Normally i’d steer clear of politics, but occasionally things comes along that are too big to ignore. Things that transcend national elections and won’t be yesterdays news tomorrow, or last years news in 2010, or possibly even old news in 2020 or 2030!

Right now there are two biggies – NAMA and the Lisbon Treaty. Both of these have the potential to make a big impact on Ireland, and the effects (good or bad) could be felt for generations.

This post is about NAMA, and the next one will be about the Lisbon Treaty…

Without labouring it too much the Irish landscape has changed. The country faces severe economic challenges, emigration is again in the vocabulary, and a big decision is about to be implemented.

What is this decision?

NAMANAMA – the National Asset Management Agency

NAMA in it’s most basic form will buy bad debts from troubled Irish banks and manage the disposal of associated assets (predominantly land and property) over the coming years.

The cost – 90 billion euros from the public purse.
The return – dependent on asset values at the time of sale.

There’s plenty of discussion – is it the right solution, is the cost too high, should it be implemented outside the freedom of information act, should there be further concensus etc etc…

But why talk about it on

The culture of the celtic tiger sent a new message – if you educate yourself, if you accept ambition and aspiration as worthy traits, if you put the work in, then you are entitled to see the rewards – Ireland became the land of opportunity.

Young talented students came out of the educational system confident they would be able to put their skills to work at home, Irish who left Ireland in previous decades returned to something new, the world looked on somewhat surprised but also in admiration – the diaspora could see a different country.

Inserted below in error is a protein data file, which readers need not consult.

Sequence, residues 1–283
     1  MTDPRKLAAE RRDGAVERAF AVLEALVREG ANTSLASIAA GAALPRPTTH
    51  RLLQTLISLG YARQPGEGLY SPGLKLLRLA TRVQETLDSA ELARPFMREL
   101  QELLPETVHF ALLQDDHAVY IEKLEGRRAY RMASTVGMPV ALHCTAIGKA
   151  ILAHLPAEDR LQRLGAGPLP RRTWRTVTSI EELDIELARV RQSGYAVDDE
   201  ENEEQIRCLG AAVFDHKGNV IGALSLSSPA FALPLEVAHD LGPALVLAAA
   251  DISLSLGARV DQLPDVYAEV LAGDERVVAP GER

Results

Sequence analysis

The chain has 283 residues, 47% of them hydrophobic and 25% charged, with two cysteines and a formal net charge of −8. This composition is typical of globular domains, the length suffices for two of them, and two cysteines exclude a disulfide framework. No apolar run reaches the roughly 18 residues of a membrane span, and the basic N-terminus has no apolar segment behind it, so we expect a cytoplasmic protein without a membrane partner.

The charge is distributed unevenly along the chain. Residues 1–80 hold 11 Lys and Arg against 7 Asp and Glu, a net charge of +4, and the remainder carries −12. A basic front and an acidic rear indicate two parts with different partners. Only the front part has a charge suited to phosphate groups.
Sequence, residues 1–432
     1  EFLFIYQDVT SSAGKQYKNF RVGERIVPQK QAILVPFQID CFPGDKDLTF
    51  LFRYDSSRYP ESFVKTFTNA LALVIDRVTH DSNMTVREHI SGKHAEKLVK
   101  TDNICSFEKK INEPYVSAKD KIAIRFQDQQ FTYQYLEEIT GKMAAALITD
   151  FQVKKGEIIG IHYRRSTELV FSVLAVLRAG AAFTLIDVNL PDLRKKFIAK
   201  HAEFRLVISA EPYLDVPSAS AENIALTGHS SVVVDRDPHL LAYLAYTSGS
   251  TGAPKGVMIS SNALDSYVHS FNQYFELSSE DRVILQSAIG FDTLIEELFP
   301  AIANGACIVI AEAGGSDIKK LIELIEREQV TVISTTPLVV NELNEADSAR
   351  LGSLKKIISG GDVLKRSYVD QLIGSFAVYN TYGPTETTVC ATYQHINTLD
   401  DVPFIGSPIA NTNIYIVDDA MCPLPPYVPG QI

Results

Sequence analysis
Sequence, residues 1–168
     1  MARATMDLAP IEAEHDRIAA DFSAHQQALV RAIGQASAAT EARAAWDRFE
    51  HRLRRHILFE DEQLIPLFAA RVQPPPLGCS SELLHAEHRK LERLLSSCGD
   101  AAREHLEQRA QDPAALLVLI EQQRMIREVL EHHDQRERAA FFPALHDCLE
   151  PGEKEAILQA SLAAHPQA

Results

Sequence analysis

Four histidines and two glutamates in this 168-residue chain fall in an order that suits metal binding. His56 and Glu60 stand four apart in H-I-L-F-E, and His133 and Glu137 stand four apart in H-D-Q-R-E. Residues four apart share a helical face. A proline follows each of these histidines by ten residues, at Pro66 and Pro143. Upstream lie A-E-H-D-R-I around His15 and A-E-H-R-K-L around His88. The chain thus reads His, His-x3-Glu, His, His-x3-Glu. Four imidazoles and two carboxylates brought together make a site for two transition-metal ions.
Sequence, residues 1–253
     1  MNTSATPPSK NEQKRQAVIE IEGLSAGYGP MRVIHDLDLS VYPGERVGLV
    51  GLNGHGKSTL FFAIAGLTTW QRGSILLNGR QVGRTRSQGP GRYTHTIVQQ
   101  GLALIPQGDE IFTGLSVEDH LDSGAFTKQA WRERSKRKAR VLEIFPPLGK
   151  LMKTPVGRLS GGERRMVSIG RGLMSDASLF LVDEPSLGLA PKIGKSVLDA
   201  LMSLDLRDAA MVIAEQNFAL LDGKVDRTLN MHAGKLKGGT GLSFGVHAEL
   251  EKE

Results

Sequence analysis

What happens next will affect the diaspora again. If NAMA works there will be an outlet for those aspirations and ambitions and emigration will take a back seat, if it fails then the opposite is possible. The Irish abroad will either be looking back at Ireland and thinking ‘same old story’, or they’ll be seeing a country that still has the ability and creativity of thinking to look after itself.

In the interests of balance here’s some of the key ‘for’, ‘against’ and ‘undecided’ camps:

The official NAMA website and the Government Department of Finance

The Green Party

Fine Gael
The Labour Party
Sinn Fein
The Socialist Workers Party
The Socialist Party
David McWilliams “NAMA money pit could be our economic Stalingrad”
The Irish People Union

So will NAMA see the light of day, will it turn out to be one of the greatest Houdini acts ever, or will it end up being something else altogether…?

(and when will it appear in Wikipedia!)


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